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What does "yuck" have to do with economics? A lot, according to Jeremy Hazlehurst.

On the face of it, Aston Martin cars and Pot Noodle don’t have a lot in common. The motor driven by James Bond in his suaver moments can rarely have been mentioned in the same sentence as the famously nasty noodle snack slurped by students and builders.

What links them is that both have recently been “re-shored” by their owners. Pot Noodle, which have, amazingly, been made in China in recent years, will come back to Leeds in the UK. When Aston brought production of one of its models home, British business secretary Vince Cable said that having them built outside the UK was “like having a Swiss watch built in Swaziland”.
Onshoring is quite the buzzword at the moment.

According to EEF, a British manufacturers body, 40% of British manufacturers have re-shored some activities. In the US, General Electric is bringing back the manufacturing of household appliances from China to Kentucky. Google is making a new product in San Jose. (Although those firms are leaving some manufacturing in China.)

Of course, some of the through-the-looking-glass nature of globalisation continues. HP Sauce, whose name stands for Houses of Parliament and has a picture of Big Ben on the label, is now made in the Netherlands. Another British staple, Branston Pickle is made in Bury-St-Edmunds, but owned by a Japanese vinegar-maker. Then there’s the news that the Qataris are looking at buying a big chunk of M&S, an iconic British brand. It all feels like part of a joke – when is a British firm not a British firm?

It all makes many people uneasy. But should it? Philosophers talk about the “yuck” reaction we have to things we find instinctively repellent. This is often seen as a “pre-rational” or naive response. But often the gut reaction is a proxy for a rational one. Offshoring might not prompt a yuck, but we often have a very definite “hmm”, accompanied by a premonition of things ending in tears.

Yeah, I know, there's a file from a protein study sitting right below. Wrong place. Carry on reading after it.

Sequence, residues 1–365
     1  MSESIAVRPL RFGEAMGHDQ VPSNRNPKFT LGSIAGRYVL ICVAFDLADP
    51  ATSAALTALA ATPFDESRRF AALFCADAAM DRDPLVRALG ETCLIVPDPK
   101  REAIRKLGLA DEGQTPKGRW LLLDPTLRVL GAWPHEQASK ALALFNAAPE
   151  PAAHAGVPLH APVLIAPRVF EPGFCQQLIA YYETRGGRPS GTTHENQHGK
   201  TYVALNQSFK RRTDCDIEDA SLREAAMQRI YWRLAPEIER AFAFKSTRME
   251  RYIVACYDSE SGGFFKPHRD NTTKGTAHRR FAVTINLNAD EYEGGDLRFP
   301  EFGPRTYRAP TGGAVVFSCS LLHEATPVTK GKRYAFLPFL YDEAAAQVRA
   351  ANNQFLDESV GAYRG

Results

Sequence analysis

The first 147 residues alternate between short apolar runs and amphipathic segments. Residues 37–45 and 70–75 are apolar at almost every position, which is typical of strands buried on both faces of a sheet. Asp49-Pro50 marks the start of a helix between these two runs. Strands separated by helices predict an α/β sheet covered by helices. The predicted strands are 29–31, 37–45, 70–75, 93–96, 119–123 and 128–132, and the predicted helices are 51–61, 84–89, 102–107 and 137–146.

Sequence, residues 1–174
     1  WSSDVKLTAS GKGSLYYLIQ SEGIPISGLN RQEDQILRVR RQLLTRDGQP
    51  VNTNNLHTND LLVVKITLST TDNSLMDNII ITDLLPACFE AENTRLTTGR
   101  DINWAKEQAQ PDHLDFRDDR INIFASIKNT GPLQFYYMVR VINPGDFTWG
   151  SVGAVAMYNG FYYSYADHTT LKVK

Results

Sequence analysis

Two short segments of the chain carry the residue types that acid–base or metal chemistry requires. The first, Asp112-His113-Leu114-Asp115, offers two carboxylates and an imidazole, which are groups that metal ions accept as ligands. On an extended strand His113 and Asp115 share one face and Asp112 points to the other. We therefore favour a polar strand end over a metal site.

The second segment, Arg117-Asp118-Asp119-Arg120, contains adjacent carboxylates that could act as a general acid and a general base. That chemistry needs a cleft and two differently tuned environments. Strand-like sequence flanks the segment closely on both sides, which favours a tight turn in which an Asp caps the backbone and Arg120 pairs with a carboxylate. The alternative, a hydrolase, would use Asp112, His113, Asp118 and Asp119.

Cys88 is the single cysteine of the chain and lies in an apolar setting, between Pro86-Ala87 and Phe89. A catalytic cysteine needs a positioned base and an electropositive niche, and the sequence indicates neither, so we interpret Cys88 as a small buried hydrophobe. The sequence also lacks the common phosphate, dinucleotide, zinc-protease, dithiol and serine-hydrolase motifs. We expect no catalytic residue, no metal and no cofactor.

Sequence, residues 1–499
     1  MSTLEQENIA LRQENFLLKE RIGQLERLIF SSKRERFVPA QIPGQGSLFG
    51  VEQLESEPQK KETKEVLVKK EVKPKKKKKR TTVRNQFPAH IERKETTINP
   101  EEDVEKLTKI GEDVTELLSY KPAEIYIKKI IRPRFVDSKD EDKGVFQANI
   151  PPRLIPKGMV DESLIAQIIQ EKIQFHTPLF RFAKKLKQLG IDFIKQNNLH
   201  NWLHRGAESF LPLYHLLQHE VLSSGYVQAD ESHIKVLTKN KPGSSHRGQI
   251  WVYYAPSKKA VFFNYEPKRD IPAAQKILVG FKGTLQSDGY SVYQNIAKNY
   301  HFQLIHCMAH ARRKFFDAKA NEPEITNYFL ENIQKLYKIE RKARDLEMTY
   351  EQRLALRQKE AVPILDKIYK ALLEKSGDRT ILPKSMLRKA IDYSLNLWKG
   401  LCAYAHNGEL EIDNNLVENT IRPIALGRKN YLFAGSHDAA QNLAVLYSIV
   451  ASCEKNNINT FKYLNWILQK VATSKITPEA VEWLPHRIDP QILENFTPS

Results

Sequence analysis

When you hear the meat in supermarket meals came from Romania, via France, the Netherlands and Ireland, a hmm is most people’s reaction. Nobody was all that surprised when such meat turned out to be from horses. Hmm also often accompanies the outsourcing of manufacturing to China. Lo and behold, it turns out that often when you offshore, quality control is a problem, shipping ends up costing more than you thought and labour costs tend to spiral. It’s a gamble because you lose some control. Could your business survive a Foxconn?

In the years before 2008 it sometimes felt the British economy was turning into one giant structured investment vehicle. Now the government is keen to encourage manufacturers here. Many people instinctively feel that’s a good thing. And it’s working. Embedded carmaking expertise in the old industrial regions have tempted Honda, Jaguar Land Rover and Nissan to bring so much production here that UK carmaking will double between 2011 and 2015. Some researchers say that every manufacturing job creates eight more.

The idea of keeping production local, or sticking to the old ways, might give you a fuzzy romantic glow that you’ve been taught to mistrust. But sometimes it’s right to heed the yucks, hmms and glows.

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